Saturday, January 30, 2016

Mental Illness Is Neither Black Nor White

We have been told that we are our brother's keeper.  When we lose a member of our community, we feel a sense of failure.  Or, as Ira Socol puts it, "And so we might give up, the impossibility of the task before us. We might descend into depression ourselves, overwhelmed by the hurt."

Perhaps an oldish white man whose last name was  Black being killed by a young black man whose last name was White is meant to be only a perverse cosmic pun.  The fact is that both men ended up in the same homeless shelter because they both suffered from some form of mental illness.  Because of the lack of mental health facilities in this country, this was a murder waiting to happen.  As was reported, the young man had been going around the shelter threatening to kill somebody.  Why weren't these threats taken seriously?  Or were they shrugged off as so much drama?  “We lost two,” Mr. Ricks said. “We lost a young man who needed help and an old man who didn’t need to die.”  The problem is that both men needed help with very little possibility of ever receiving it.

 As Deven's son Jonas said on his Facebook page:

Although (my father) had struggled with mental illness for many years, he was unable to get the treatment he needed, and he fell through the cracks of a severely broken system. It is hard not to hate the man who took my father away from me, but ultimately I see my father’s killer as another victim. Had there been adequate mental health infrastructure in place, this tragedy would not have happened.

Perhaps it wasn't just a lack of facilities that prevented both men from getting the help they needed.  Perhaps in Deven Black's case it was also the stigma or shame of mental illness that stopped him in his tracks.  Ira and others in his community who reached out to him should not be so hard on themselves.

The hard lesson that I have learned over the last few years is that you cannot save anyone.  C., a young man we know, is an Iraqi War vet.  Given the shaky childhood he had as well as his war related PTSD, he will not take himself to the VA for treatment.  Whether it's some form of addiction or mental illness, the fact is he suffers from some altered sense of reality.

Much like you can lead a horse to water but you can't make them drink, you can lead an individual  to the VA or to a mental health facility but you cannot make them accept treatment.  Under such circumstances all you can do is wait and watch and hope that the individual will decide they have hit bottom. Hopefully neither too hard of a bottom nor too soft and sandy of a bottom which would only cause them to sink even deeper.

In her open letter to the president about mental health, Rachel Griffin vividly describes that sinking feeling as she waited on hold to find out about insurance coverage. She continues on to talk about the overall dismissiveness of some of the psychiatrists she sees before finally finding the right one who helps her discover a path to recovery.  Rachel states, "I haven't had any relapses since receiving this excellent care (7 years strong). I am a thriving, happy, valuable member of my community."

Clearly she has enough inner strength that allowed her to continue to stumble over obstacles that many either cannot or will not.  Rachel can advocate not only for herself but for others.  She adds:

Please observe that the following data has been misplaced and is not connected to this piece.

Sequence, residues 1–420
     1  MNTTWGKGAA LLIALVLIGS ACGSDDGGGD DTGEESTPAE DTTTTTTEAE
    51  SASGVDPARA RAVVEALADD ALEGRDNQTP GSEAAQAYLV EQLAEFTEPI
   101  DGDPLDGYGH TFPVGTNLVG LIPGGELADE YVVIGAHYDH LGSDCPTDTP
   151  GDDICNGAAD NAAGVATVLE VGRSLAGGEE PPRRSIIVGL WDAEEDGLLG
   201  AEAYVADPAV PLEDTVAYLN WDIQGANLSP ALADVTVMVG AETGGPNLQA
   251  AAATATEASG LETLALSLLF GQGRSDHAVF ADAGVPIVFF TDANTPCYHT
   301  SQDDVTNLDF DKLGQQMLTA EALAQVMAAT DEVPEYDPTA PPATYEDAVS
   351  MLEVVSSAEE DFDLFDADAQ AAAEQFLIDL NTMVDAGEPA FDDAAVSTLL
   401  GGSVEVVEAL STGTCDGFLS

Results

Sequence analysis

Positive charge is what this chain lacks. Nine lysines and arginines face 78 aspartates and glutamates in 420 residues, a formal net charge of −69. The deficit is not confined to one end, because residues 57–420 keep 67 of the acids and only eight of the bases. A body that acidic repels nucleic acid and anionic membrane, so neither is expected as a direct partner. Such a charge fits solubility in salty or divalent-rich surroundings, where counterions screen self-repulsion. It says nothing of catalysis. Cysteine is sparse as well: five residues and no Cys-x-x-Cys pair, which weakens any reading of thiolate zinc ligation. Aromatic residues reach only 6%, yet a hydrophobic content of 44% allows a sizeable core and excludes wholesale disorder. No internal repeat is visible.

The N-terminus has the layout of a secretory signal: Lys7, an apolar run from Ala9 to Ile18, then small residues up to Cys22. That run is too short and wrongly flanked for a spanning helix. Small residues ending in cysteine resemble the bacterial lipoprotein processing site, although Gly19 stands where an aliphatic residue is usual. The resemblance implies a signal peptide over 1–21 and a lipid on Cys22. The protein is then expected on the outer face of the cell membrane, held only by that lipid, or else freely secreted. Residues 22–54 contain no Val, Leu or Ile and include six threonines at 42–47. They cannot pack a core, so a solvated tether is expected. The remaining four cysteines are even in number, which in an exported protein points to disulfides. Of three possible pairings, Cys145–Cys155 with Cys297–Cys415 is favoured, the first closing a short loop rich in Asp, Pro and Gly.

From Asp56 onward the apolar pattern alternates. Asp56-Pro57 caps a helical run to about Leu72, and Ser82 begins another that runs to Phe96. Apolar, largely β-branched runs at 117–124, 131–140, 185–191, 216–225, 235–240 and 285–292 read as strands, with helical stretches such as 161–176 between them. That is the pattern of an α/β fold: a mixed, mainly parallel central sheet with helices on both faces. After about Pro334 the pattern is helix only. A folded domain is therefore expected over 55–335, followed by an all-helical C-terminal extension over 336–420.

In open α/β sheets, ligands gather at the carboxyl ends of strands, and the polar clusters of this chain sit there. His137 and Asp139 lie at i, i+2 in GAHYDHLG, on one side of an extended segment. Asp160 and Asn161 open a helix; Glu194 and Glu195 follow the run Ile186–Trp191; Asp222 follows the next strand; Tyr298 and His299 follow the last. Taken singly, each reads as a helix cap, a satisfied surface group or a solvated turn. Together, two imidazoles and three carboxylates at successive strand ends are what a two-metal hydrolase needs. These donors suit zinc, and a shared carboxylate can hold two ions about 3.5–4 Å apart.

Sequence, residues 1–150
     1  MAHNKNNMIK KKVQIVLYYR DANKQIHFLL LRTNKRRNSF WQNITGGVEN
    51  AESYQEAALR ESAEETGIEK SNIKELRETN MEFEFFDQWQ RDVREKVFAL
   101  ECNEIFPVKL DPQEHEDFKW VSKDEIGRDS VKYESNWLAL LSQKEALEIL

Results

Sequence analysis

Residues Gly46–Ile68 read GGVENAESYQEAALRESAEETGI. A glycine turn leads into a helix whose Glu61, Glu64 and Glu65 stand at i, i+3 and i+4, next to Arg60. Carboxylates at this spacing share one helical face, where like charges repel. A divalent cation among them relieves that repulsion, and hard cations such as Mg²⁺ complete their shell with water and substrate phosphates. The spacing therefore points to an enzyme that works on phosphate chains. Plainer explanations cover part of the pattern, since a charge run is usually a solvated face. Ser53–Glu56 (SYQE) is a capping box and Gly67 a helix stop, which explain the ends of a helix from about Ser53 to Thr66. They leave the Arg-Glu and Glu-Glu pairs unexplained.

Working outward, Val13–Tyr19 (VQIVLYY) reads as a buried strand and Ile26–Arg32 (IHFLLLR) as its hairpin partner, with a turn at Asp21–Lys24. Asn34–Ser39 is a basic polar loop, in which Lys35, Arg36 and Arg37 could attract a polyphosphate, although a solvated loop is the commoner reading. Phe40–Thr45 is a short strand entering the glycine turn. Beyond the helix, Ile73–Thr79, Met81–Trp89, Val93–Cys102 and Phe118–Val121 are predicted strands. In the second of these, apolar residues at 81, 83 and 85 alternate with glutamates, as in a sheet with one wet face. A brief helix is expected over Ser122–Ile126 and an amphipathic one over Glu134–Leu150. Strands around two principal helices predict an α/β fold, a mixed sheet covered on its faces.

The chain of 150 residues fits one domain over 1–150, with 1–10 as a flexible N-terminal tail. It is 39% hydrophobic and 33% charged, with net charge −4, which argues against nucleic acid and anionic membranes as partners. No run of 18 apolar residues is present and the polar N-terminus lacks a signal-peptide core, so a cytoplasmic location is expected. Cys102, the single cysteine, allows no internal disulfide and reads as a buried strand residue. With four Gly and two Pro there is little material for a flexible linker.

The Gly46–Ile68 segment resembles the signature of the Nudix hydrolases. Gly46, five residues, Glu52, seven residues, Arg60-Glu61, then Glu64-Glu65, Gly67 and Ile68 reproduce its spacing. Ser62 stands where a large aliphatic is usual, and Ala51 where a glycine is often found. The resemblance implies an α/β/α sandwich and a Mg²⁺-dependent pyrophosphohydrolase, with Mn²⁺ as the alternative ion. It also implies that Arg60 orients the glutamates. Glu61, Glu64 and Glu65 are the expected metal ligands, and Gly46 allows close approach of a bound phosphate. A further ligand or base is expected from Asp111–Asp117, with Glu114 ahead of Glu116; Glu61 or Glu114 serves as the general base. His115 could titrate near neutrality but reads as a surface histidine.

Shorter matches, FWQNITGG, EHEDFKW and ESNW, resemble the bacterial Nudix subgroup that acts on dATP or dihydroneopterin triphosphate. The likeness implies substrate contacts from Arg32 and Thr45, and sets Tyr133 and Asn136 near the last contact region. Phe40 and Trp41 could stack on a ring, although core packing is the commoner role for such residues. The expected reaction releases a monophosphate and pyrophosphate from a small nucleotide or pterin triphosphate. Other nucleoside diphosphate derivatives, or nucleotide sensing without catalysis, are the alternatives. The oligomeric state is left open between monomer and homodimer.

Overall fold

People are too ashamed to get care because of stigma. They wait far too long and then when they finally try and it's complicated and hard to access. They finally get it and it's low quality. It's rushed. This all needs to change.

Perhaps Deven Black would still be alive if he had not felt ashamed, or, despite the fact that people reached out, not scared and alone.  Or, worse, perhaps feeling as if he would be a burden. That is what a very dear friend of ours keeps telling me. I have been trying to convince him that not only would he not be a burden, (a challenge, yes, but a burden, no) but ultimately a tremendous asset to our community.

Whether it's PTSD or childhood abuse or some other trauma, we need a way for people who are suffering from mental illness to feel that they are whole.  We need to find ways to prevent tragedies from happening, be it suicide or murder or simply disappearing into the ether.  

We need to do more than just convince politicians to stop closing mental health facilities in order to balance a budget.  Even if more resources are not available, we need to give those suffering from mental illness a way to feel safe. We need to let them know that no one will blame them for being mentally ill.  Although the message of all means all as expressed by Ira Socol is a powerful one, we need to realize that there simply will be people we will lose along the way.  It will never be our choice.  It will be their choice.  

Rachel Griffin invites us to join her on Twitter using the hashtag #iamnotashamed to which I'd like to add, #youarenotalone  And, of course, #itwillgetbetter.  

I don't want either Deven Black or Anthony White to be merely symbols of mental illness.  I want both of them to be remembered as men who struggled and who didn't receive much needed help. 

We need to see to it that everyone knows they are cherished gifts. We, as a society, need to stop both categorizing and dismissing people who we find to be inconvenient.  We need to find ways to form welcoming communities.  We all need safe havens.  We need to recognize that improving access to mental health is not merely a problem for those who are mentally ill.  We are all Black, and we are all White. 

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